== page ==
The keen-eyed among you will have already noticed that in fact, this theorem gives us exactly what we wanted to prove concerning the norms of Gaussians in \mathbb{R}^d . We just need to apply it for our specific case: We choose our space to be X = \mathbb{R}^d , the distance to be \rho(x,y) = ||x-y|| , and the measure to be \mu = \Gamma . As our Lipschitz function, we choose the norm: F(x) = ||x|| . This function has a Lipschitz constant of 1, since by the reverse triangle inequality,

F(x) - F(y) = ||x|| - ||y|| \leq ||x - y||.

We also need to calculate the median of F , i.e the median value of ||Z|| when Z is a d -dimensional standard normal random variable. Now, in this case, by “calculate”, I mean “look up”, since these sorts of calculations often tend to be tedious. Luckily, we live in the golden age of the Internet, and this information is readily accessible if you’re willing to trust the writings of people you’ve never met. Since the real function x \mapsto x^2 is strictly increasing on the positive axis, the median value of ||Z|| will just be the square root of the median value of ||Z||^2 , as squaring does not change the relative order of numbers. The distribution of ||Z||^2 is the well known \chi^2 distribution with d degrees of freedom, which according to Wikipedia has median d (up to some insignificant correction). The median of F is therefore \sqrt{d} .

Plugging this into the concentration of measure theorem and using the Gaussian isoperimetric bound, we get that if Z is a standard normal N(\mathbf{0}, \mathrm{Id}) in d dimensions,

\mathbb{P}(\{\left| ~||Z|| - \sqrt{d} \right| \geq r \}) \leq 2 e^{-r^2/2}.

We now only have to fix the standard deviation: Our original discussion used not a standard Gaussian, but rather one with a variance of \sigma^2 / d . This amounts to multiplying both sides of the inequality inside the probability brackets by \sigma / \sqrt{d} , giving the desired result.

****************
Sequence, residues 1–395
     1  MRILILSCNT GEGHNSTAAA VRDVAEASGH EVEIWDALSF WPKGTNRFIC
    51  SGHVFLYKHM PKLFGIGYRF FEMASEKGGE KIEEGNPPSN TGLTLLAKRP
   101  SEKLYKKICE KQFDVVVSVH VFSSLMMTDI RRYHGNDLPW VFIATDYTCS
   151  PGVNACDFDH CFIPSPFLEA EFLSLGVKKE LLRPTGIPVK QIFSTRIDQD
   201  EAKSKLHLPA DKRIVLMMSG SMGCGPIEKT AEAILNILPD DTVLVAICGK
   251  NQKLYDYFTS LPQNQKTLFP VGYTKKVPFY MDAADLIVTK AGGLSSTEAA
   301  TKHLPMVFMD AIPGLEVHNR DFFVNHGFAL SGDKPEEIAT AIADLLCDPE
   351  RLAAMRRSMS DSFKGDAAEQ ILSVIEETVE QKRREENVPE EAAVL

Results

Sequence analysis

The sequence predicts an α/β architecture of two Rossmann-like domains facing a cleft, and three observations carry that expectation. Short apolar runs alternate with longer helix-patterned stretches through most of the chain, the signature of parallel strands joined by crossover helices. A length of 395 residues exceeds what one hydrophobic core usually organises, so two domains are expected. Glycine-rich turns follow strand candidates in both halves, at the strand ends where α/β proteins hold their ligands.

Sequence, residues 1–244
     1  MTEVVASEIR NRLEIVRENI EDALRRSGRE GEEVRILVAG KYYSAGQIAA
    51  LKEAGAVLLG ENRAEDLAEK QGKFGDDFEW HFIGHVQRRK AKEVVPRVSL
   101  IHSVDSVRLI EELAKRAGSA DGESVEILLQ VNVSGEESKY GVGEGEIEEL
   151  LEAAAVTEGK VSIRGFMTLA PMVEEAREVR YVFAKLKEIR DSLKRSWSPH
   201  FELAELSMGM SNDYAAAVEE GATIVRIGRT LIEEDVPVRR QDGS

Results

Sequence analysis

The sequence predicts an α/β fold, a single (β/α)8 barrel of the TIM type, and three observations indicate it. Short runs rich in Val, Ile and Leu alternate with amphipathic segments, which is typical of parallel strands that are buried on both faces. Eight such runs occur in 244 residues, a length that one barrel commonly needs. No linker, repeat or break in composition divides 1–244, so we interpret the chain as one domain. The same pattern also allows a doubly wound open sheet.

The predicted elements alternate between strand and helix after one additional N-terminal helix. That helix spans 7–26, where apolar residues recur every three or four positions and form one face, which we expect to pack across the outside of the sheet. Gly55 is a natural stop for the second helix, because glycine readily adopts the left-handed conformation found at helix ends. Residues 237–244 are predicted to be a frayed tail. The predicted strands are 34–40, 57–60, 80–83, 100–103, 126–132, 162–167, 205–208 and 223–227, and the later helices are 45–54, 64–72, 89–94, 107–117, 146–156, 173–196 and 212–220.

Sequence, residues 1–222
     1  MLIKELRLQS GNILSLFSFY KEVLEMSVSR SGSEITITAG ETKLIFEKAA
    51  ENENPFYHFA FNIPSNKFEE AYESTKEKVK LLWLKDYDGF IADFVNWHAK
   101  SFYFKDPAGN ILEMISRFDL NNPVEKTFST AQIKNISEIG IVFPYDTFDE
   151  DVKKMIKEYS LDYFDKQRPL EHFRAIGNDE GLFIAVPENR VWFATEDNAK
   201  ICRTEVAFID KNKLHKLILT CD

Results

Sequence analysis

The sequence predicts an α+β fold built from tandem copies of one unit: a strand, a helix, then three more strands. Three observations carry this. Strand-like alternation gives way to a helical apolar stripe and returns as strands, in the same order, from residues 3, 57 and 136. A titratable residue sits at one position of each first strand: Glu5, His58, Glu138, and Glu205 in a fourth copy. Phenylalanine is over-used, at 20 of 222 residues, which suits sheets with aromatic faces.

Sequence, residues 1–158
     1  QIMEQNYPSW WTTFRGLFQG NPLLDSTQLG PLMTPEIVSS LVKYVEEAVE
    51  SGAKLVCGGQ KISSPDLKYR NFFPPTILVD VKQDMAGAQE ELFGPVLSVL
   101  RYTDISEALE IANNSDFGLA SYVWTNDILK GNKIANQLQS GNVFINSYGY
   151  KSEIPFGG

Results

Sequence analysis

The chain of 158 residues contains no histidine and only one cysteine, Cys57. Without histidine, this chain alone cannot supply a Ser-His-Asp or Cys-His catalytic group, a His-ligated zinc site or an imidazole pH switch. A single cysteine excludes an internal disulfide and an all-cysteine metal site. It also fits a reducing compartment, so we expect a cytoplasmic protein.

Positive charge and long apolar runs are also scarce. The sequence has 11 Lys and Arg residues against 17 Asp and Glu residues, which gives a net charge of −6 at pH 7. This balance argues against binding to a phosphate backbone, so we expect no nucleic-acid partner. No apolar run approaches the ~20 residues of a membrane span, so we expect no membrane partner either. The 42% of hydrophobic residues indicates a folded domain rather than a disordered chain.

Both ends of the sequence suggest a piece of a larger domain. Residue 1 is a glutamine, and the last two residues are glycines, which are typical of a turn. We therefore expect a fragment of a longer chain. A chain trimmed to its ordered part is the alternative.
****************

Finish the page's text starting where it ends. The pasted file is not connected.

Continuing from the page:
As a famous professor in my department once said: “Good”. Now we only have to prove the isoperimetric concentration of measure theorem, and we’re done! Luckily, this is not too difficult. Consider the set A = {x\in X \mid F(x) \leq m_F } , i.e the set of all points in space on which F is smaller than its median. This is a set of measure at least 1/2 , by the very definition of the median. Now let y \in X be a point which is at most a distance r from A , i.e there exists a point x \in A so that \rho(x,y) \leq r . Since F is Lipschitz, the value F(y) cannot be too large:

F(y) \leq F(x) + \rho(x,y) ||F||_{\mathrm{Lip}} \leq m_F + r||F||_{\mathrm{Lip}}.

This means that for every y \in A_r , we have F(y) \leq m_F + r||F||{\mathrm{Lip}} . Hence the set of all points for which F obtains a value larger than m_F + r||F||{\mathrm{Lip}} must have a measure smaller than 1 - \mu(A_r) . But by definition, the concentration function \alpha_\mu(r) is the supremum of 1-\mu(A_r) over all sets A of measure at least 1/2 . We thus have

\mu(\{F > m_F + r ||F||_\mathrm{Lip} \}) \leq \alpha_\mu (r ),

or, equivalently,

\mu(\{F > m_F + r \}) \leq \alpha_\mu (r / ||F||_\mathrm{Lip}).

A similar calculation can be made for F < m_F - r by looking at the function -F , and union bounding the two gives us the isoperimetric concentration theorem.